༄། །བྷུ་ཀྲན་པི་པཱལྶ་པ་ཀྲི།།
Bhutan Peoples' Party  

Suppression

For centuries, all the ethnic groups have lived in perfect communal and religious harmony. There had never been any instances of ethnic conflict, communal or religious clash at the level of the public; and compassion, tolerance, fraternal spirit, co-operation and compromise had been the basic value of the Bhutanese society. But the citizens of Bhutan are suffering for generations from feudal absolutism that has always reigned.

The social structure of Bhutan is clearly demarcated.  East is the home of Sharchhokps (Tshangla speaking people), Northwest is dominated by the Ngalongs (Dzongkha speaking people) and the south by the Lhochhampas (Nepali speaking people). The minority groups, which do not have any representation or elsewhere, are totally ignored.  Even today there are no civil, political, economic, religious and cultural rights enjoyed by the people. Formation of political parties, associations and organizations are almost banned. Only those belonging to the Royal families, a few fortunate from the higher community enjoy fullest privileges. The Government restricts freedom of speech and the press, restricted freedom of assembly and association. Any attempt by the suppressed groups to assert themselves and move against the absolutism, rampant discrimination and injustice encounters severe resistance.

Till 1950s the Dzongkha speaking in the north and Tshangla speaking people of the east and the Nepali speaking of the south were cut off from each other. The idea behind this, then, was to completely constrict the Nepalese within south alone so that they do not interact with other communities and foster brotherhood. There is no record of even King’s official visit to the south till 1956. Sometimes the representatives of the government used to visit the south that would demand too many things and harass the Mukhtiars (head of the Mondals) and Mondals (head of the Block or Gewog).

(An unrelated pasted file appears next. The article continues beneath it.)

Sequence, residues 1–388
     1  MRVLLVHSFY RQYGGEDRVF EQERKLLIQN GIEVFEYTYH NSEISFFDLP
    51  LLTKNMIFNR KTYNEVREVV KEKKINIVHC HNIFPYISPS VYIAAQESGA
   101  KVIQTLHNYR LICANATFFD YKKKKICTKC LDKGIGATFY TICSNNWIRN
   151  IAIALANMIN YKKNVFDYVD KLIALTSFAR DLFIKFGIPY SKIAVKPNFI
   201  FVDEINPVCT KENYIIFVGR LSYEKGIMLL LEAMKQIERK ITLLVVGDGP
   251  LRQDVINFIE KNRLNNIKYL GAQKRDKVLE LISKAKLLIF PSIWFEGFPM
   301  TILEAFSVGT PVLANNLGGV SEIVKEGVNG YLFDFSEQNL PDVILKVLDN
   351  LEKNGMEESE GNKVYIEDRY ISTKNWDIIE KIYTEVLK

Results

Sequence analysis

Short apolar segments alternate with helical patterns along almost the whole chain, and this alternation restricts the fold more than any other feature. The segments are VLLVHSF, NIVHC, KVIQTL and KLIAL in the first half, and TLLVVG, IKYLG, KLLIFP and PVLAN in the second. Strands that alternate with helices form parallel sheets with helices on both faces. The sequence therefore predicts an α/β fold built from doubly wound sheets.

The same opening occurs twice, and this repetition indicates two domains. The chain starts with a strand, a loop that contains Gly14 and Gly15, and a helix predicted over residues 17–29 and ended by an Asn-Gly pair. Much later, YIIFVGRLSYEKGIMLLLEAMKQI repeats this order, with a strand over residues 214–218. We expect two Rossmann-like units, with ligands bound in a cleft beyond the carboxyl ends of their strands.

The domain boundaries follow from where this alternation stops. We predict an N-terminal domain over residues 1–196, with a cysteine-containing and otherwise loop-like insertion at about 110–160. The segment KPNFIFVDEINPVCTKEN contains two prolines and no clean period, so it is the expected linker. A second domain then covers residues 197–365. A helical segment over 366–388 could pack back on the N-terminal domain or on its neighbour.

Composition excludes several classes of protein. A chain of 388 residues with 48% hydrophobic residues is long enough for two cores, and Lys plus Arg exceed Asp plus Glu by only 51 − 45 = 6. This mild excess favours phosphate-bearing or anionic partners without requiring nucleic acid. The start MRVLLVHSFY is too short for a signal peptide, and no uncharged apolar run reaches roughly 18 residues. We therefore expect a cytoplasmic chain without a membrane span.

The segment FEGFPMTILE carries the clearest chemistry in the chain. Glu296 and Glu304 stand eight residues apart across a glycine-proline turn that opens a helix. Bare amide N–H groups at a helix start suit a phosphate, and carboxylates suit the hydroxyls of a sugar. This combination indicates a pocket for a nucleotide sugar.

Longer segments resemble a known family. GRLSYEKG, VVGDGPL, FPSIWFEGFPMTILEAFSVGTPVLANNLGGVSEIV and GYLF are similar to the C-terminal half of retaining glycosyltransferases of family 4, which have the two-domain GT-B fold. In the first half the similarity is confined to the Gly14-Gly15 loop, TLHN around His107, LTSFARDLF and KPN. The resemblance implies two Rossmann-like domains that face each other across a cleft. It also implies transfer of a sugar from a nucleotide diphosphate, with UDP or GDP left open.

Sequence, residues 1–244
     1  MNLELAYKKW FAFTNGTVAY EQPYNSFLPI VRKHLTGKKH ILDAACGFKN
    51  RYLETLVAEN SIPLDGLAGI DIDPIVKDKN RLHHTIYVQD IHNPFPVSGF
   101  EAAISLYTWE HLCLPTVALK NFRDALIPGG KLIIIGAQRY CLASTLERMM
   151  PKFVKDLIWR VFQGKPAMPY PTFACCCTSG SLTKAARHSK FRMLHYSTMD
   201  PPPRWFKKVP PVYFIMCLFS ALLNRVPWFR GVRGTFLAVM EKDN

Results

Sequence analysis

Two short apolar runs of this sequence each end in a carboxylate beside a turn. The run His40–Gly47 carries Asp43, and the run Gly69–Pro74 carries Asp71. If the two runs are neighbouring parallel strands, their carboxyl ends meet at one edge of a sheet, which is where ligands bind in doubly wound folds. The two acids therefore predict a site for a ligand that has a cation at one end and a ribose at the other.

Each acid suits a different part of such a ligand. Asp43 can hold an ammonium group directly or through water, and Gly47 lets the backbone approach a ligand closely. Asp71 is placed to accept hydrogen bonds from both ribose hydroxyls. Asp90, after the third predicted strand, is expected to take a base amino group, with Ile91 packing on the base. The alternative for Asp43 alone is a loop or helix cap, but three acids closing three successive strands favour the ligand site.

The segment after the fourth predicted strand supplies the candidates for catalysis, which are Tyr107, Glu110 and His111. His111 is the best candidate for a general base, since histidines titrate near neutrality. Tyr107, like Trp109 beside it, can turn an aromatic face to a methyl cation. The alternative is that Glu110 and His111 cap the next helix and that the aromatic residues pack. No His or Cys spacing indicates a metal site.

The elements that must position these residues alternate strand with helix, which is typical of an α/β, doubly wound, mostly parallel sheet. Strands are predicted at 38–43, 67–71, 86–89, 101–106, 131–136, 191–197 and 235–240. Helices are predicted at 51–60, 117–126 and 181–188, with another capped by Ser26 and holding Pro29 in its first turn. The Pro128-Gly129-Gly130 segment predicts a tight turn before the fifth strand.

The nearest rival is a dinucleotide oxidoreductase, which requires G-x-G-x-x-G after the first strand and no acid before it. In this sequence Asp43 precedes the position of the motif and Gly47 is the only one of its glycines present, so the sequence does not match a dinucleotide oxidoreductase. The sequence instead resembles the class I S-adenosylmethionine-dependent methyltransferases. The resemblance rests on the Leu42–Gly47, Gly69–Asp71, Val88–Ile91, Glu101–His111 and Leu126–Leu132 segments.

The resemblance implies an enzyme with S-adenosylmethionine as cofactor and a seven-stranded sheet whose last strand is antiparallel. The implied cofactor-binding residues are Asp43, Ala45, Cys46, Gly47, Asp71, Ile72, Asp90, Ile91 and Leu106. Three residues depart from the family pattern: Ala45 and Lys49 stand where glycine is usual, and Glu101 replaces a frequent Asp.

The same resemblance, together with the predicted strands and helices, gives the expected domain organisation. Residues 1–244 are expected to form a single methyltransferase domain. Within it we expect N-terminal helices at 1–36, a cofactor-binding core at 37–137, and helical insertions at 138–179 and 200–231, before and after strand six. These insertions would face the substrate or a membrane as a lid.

In January 1948 a political party the Bhutan State Congress (BSC) was founded under the leadership of Mr. Mahasur Basnet (Chhetri). In very short period it became popular among the southern people. But, in relation to the growing popularity of Mr. Basnet was arrested on February  1952, and was pushed into a leather bag and thrown in the Sunkosh River. Thus the leader of the first political party met inhuman death. This party was re-organized under the leadership of D.B. Gurung. In March 1954, the BSC launched ‘Satyagraha’ at Sarbhang but the cruel government ordered to open fire to dispersed them.  Some were arrested while others fled away from the country. Plan to crushed the people’s aspiration the then king Jigme Dorji Wangchuk granted amnesty to selected persons under the Royal Notification issued on 6 August 1969. D.B.Gurung, the President; D.B.Khadka General Secretary and few were returned with the monthly allowances, while around two households activists were compelled to stay in exile forever.

Haunted by the freedom movement that swept the globe in 1980s, resulting in the end of totalitarian systems in Eastern Europe and erstwhile Soviet Union, the development that took place in Sikkim during 1973-75, the Gorkha movement in Darjeeling and the Jana–Andolan in Nepal in 1989-90, the Bhutanese regime systematically designed its policies to stifle the possibility of the democratic movement in future.   The first targets were the foreign nationals working mostly in the education department and elsewhere who were overnight demoted and deported in 1987. The other threat perceived was from the southern community, as they comprise of the educated people with greater exposure to India owing to geographical proximity and open Indo-Bhutan border. Hence, the utterly biased, racially discriminatory 1985 Citizenship Act was introduced in 1987-88, which is no less than a prescription for statelessness. This was followed by promulgation of ‘Driglam Namza‘, among other tools of harassment, in 1988-89, which is a traditionally the religious etiquette and stipulations of the monastic order.  This has made mandatory to all the citizens.  Therefore, citizens, irrespective of their age-old traditions, culture and religion are compelled to follow dress-code of the Drukpa-Kagyugpa, religious culture and adopted as national costume by the ruling dynasty with slight modifications; ‘Gho‘ for men and ‘Kira’ for women and learn to speak Dzongkha and follow the social etiquette of Drukpa Kagyugpa sect of Mahayana Buddhism. In the same year learning of Nepali language was withdrawn from the school syllabus and Dzongkha was made further compulsory and knowledge in Dzongkha became the criteria for appointments of civil servant, granting of loans and other facilities.